A 13-year-old boy has become the world's youngest person to build a fusion reactor.
Jamie Edwards, from Preston, was able to build a reactor which can smash together two hydrogen atoms to make an atom of helium.
And apparently, it was his idea.
Jamie was inspired by American student Tyler Wilson, who built his own reactor in 2008 when he was just 14.
"I thought that’s cool and decided to have a go," he said. "Basically I made a star in a jar."
Jamie announced the idea in class - at which point his headmaster at Penwortham Priory Academy apparently asked the obvious question 'Will it blow the school up?'.
The answer, luckily, was no. The reactor doesn't use any nuclear material, and isn't dangerous - as long as it's done properly.
The experiment involves using electric fields to heat charged particles in a vacuum, to the point where they can smash into each other and fuse into helium.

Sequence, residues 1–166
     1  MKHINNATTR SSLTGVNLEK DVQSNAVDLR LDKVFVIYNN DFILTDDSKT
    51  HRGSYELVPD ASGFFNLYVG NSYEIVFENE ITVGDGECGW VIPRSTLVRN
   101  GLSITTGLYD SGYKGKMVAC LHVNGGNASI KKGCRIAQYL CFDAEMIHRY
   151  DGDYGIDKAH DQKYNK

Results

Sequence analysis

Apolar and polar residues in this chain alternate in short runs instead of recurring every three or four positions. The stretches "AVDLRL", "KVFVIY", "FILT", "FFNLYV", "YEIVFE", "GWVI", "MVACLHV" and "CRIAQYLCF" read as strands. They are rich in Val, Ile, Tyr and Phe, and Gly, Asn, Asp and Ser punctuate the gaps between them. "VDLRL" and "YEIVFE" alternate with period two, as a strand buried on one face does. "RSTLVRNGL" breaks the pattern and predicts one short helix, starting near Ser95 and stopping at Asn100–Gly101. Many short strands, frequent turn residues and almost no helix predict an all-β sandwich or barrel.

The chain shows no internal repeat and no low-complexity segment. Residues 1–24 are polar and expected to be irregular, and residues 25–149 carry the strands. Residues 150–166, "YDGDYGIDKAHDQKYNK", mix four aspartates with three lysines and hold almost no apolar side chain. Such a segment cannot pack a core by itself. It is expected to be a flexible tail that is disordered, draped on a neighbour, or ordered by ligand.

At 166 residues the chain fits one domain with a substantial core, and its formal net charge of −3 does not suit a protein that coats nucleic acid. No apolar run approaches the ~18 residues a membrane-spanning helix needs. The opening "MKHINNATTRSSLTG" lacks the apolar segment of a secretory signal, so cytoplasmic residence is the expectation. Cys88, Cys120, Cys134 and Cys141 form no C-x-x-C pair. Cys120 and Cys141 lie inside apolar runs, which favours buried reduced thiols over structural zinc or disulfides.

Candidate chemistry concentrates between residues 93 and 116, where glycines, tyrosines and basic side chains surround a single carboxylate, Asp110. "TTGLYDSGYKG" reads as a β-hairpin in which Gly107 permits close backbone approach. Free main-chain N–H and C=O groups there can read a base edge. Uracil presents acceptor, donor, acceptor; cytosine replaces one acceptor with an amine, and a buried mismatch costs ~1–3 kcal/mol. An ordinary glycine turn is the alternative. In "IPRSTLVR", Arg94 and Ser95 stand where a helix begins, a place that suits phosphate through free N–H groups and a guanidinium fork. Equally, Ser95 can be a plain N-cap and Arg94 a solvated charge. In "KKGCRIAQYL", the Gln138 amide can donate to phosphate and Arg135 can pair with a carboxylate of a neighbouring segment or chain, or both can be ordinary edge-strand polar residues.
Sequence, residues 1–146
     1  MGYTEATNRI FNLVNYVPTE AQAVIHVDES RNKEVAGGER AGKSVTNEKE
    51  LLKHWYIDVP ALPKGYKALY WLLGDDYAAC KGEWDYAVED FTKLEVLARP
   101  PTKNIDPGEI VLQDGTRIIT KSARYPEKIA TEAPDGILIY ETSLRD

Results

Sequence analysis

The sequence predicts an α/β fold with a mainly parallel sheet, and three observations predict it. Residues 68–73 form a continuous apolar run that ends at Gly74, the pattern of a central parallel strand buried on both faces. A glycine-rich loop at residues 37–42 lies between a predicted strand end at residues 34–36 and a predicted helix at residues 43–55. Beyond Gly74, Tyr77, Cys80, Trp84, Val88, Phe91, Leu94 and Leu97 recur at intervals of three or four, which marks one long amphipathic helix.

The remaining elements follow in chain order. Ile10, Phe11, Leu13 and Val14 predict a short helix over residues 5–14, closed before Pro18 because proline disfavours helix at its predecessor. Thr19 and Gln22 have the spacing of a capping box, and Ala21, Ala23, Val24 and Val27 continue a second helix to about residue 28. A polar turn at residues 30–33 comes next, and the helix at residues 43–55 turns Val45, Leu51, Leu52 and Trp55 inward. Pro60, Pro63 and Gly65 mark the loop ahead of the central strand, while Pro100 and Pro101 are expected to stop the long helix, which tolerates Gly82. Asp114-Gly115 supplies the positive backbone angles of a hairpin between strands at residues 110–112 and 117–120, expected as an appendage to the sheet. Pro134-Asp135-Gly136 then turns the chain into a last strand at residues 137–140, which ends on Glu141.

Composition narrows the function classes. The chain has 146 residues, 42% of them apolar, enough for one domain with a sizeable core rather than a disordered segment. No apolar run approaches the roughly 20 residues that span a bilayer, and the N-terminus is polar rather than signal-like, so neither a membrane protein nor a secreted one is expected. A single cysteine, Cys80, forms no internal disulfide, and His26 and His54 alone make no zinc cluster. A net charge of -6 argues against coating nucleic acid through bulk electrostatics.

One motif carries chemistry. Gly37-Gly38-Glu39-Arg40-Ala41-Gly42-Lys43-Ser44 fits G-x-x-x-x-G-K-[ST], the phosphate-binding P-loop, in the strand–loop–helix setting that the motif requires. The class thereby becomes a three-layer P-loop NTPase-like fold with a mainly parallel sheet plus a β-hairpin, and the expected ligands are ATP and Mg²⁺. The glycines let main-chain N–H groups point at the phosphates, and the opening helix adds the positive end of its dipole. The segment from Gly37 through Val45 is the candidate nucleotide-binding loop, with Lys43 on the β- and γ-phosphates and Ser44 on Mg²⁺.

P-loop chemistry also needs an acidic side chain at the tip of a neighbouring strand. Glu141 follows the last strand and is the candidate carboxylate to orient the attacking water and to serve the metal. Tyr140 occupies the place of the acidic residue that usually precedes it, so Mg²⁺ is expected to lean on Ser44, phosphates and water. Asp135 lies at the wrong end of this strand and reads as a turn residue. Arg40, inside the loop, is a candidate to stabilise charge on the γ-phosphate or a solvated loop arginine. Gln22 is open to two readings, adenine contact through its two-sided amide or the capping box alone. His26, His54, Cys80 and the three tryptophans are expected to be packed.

A related - though vastly more difficult and powerful - concept is being developed in labs around the world as a possible future energy source. The benefits of this -- currently theoretical, if you don't count the Sun (which is also powered by fusion) -- power source is that the fuel is widely abundant, and there is little waste.
Jamie started his project in October, with the help of his teachers (and his school finding £3,000 in funding) and the specialist engineering company R&B Switchgear group.
He finally broke the record on 5 March, when his machine was confirmed to have fused two hydrogen atoms into an atom of helium.
Inspired by his success, R&B Switchgear have now launched a new scheme providing £10,000 to students who want to do their own special science experiments. The name? The Star Jar fund. Neat.